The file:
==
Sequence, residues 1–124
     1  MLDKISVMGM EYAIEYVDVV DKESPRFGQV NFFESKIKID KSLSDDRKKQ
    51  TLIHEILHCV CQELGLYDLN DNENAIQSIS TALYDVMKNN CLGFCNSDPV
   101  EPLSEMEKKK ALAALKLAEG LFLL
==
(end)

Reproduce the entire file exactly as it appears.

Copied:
Sequence, residues 1–124
     1  MLDKISVMGM EYAIEYVDVV DKESPRFGQV NFFESKIKID KSLSDDRKKQ
    51  TLIHEILHCV CQELGLYDLN DNENAIQSIS TALYDVMKNN CLGFCNSDPV
   101  EPLSEMEKKK ALAALKLAEG LFLL